Nikki Goeser’s book detailing her ordeal – first as a witness to the murder of her husband in cold blood and then, as her role in the courtroom afterward – is a hard read. It carefully dissects the events leading up to that fateful evening in 2009 when she and her husband spent their last few moments together, in a place where Nikki could not legally carry a concealed gun, even though she had a permit. Then, Nikki takes the reader step-by-step into the criminal court system and its convoluted process. Later, she explains how and why she works to change gun laws that don’t protect people.
Britney Starr interviewed Nikki last year, after she won the NRA’s Sybil Ludington Women’s Freedom Award for her untiring efforts to change concealed carry laws in Tennessee and Ohio. I wanted to follow up with her, because I knew it was not easy for her to relive the grueling events that followed that night in a karaoke bar, and it is important that she gets an opportunity to explain where she’s been and where she’s going.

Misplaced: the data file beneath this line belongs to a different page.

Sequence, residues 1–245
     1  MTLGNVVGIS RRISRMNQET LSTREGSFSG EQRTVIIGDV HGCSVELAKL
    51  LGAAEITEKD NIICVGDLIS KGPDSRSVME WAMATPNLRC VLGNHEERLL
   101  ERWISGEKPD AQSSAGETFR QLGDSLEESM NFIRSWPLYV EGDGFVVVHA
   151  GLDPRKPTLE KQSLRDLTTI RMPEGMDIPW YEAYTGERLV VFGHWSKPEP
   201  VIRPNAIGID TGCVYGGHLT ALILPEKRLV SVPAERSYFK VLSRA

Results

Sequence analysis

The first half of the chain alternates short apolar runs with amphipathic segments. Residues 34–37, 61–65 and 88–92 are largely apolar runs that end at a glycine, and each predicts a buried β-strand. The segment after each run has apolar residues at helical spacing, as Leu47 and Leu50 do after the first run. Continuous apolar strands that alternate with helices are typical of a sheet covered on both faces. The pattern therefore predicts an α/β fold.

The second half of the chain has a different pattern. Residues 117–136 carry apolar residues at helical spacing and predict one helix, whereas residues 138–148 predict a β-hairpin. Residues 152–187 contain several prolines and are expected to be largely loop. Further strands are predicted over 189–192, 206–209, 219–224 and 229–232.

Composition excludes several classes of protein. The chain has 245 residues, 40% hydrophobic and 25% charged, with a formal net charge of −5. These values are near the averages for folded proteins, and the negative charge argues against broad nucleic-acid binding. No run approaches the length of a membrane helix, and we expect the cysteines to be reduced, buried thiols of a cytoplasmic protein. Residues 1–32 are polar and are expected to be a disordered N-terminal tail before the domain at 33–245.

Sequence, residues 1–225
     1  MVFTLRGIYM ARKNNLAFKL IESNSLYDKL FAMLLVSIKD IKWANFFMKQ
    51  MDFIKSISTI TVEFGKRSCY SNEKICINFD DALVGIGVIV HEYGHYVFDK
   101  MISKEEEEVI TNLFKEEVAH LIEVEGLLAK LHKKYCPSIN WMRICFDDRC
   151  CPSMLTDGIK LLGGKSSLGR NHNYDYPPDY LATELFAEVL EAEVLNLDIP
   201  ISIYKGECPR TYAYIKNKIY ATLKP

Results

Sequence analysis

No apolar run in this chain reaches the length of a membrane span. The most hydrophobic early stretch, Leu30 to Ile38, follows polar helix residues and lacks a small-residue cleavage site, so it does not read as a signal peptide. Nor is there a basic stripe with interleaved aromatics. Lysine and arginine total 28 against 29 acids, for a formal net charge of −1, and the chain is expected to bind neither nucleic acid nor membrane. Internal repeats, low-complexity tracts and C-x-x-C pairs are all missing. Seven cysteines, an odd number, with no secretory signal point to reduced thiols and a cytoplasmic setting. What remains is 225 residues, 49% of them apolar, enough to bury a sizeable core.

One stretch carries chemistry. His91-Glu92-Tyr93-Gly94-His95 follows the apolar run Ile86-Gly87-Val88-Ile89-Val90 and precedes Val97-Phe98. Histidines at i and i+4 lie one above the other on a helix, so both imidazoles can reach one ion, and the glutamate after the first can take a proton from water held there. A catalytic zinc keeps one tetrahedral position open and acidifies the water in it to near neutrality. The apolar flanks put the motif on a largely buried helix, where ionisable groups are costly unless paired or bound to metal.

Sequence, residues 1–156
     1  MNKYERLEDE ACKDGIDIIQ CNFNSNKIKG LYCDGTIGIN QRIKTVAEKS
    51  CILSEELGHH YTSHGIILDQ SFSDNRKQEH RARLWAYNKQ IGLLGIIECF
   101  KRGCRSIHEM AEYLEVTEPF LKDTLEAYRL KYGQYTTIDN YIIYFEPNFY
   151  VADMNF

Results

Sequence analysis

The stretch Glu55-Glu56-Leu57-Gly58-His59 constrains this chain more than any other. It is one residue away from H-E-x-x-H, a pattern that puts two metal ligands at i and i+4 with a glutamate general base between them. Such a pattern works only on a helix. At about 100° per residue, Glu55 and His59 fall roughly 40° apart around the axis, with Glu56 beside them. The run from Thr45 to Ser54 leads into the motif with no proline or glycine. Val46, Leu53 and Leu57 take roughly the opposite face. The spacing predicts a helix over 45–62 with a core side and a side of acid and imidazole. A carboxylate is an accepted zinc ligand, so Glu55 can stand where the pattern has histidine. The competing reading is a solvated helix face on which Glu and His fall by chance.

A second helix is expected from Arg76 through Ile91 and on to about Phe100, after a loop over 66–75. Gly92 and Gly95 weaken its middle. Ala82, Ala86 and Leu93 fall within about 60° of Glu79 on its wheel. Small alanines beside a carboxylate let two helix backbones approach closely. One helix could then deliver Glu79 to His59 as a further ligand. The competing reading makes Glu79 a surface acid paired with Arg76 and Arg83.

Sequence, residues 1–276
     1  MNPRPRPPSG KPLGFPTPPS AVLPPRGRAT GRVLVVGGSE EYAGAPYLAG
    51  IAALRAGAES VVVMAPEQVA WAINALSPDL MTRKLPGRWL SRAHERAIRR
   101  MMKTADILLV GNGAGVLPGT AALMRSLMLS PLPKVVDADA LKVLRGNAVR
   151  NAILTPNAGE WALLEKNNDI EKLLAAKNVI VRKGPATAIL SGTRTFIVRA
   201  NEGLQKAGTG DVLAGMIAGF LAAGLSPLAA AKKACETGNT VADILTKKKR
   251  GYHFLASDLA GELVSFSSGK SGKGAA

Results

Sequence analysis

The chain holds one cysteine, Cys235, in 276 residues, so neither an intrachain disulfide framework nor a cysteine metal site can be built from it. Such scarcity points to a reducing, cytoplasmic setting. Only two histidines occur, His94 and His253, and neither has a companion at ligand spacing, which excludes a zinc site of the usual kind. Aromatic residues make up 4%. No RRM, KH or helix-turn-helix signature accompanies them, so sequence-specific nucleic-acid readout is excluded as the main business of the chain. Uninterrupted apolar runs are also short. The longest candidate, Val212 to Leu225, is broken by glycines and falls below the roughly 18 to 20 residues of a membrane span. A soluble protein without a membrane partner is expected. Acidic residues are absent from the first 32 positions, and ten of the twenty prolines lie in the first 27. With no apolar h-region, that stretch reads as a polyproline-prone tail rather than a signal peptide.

The WON: Why? Why write a book like this one, “Denied a Chance: How gun control helped a stalker murder my husband?”
Nikki: The book actually began as my personal diary. It was a way for me to deal with the grief, trauma and loss. I also knew that I would have to testify in a murder trial as a witness to my husband’s brutal murder and I needed to remember events exactly as they occurred. It was going to be several years before I would be on the witness stand and I feared my memory would fail me if I did not write down what happened up to, during and after Ben’s murder. I felt that perhaps others could learn from my experience. Perhaps my words and my life could help others realize the importance of their right to self defense and why our 2nd Amendment is so important.
The WON: You said you spent hours and hours after your husband’s death, writing and writing. Was it cathartic, or was it just reliving the nightmare? How did you balance it?